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Hemingway Hates Your Press Releases

Think outside the box. Open the kimono. Circle back. Best practices. Innovative solutions.

460135665What do these phrases all have in common? They’re staples of business-speak (AKA workplace jargon) and they have plagued corporate prose for years. Business-speak worms its way into boilerplates, resumes and even live conversations like an invasive species attacking the collective vocabulary of the professional world. We cringe and poke fun at its stuffy emptiness, and yet it persists – even thrives.

Here’s why: business-speak acts as a crutch for writers who lack a clearer or more interesting way to deliver their messages. It sounds “official,” but doesn’t convey much meaning or action. If I tell you that my company “offers an innovative solution,” you have no idea whether I sell software or slingshots. In most writing disciplines – including American literature – such language would never fly. But should business writing be exempt from meeting the standards of good writing? On the JCPR content team, we think not.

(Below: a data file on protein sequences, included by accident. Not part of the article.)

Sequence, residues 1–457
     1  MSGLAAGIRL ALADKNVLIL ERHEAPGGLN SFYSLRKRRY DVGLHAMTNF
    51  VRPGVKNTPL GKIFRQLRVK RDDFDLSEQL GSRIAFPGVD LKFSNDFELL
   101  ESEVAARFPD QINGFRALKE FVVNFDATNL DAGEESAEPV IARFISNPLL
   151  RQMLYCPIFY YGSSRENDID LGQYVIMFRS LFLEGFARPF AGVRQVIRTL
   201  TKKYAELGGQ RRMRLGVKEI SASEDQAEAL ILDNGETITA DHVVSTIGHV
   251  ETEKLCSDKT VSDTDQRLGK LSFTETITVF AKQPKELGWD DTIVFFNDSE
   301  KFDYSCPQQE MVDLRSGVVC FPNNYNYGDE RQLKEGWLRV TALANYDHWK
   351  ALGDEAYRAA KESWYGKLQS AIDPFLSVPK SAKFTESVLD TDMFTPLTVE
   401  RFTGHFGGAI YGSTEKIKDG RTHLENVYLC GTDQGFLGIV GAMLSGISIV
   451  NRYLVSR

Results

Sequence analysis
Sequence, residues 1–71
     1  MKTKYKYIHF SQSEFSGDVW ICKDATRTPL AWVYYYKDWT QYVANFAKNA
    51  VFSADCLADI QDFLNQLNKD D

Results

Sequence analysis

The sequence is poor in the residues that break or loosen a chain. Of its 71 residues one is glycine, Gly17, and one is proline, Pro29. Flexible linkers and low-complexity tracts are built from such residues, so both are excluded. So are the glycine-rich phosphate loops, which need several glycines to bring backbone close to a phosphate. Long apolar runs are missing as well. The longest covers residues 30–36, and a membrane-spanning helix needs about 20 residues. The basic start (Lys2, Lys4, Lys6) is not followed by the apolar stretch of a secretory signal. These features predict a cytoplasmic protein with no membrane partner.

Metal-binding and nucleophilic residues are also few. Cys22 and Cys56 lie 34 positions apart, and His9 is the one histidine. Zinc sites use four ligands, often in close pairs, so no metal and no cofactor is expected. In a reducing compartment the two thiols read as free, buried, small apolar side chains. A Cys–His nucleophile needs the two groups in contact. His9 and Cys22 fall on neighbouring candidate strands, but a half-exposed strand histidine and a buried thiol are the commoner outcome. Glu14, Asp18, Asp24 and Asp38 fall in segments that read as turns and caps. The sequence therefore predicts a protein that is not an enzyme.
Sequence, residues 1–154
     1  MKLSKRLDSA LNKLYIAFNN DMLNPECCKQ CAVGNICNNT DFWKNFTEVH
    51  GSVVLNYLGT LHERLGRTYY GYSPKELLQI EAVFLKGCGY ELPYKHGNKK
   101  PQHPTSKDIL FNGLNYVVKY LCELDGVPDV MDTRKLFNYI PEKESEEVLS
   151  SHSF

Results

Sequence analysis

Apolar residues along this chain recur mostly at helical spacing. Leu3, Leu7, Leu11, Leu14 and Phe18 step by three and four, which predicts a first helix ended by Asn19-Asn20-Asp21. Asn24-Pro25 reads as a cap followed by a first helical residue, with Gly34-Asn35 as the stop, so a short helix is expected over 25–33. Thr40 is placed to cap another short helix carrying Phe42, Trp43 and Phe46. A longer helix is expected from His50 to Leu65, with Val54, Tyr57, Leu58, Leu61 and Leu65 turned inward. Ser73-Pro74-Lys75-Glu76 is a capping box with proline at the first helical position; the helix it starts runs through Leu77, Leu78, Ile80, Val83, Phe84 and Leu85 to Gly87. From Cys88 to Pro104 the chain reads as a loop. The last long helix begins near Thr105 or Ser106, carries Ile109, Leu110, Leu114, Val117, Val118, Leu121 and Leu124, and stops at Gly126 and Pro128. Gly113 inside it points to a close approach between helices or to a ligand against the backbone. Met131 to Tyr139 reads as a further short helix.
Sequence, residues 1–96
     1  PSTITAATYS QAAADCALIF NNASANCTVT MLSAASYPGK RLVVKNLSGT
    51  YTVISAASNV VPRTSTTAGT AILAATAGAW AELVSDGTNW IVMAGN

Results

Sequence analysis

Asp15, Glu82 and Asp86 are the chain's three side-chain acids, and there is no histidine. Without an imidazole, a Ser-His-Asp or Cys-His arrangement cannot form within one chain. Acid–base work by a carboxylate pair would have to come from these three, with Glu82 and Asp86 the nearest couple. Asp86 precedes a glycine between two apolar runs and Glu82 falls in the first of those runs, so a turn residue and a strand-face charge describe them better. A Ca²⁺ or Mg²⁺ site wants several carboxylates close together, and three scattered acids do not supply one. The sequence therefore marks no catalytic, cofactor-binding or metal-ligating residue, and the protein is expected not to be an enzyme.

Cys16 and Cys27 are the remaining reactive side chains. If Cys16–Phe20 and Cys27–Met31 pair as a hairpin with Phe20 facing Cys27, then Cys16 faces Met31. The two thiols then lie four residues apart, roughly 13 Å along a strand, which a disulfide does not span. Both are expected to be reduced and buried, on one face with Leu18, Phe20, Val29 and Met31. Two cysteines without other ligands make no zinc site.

We’ve recently started to use the Hemingway app – a useful and amusing web-based tool that evaluates a passage of writing for clarity. It scans whatever text you paste in and assigns it a score that corresponds to the lowest grade level at which readers would understand it (the app encourages writers to aim for a 10 or lower – this blog post scored a 10). It also highlights which of your sentences are “hard to read” and points out extraneous adverbs, overly complex words, and passive voice. The app “makes your writing bold and clear” by imitating Hemingway’s trademark sparse, forceful style. It’s like Kryptonite for business-speak.

Of course, some complex topics can’t be reduced to a tenth grade reading level, and sometimes it makes sense to use the passive voice. The Hemingway app is just a litmus test, not a set of hard and fast rules. That said, you can bet its namesake author wouldn’t have used “opening the kimono” unless he were writing about seducing a geisha – so think twice about putting it in your next company memo or press release.

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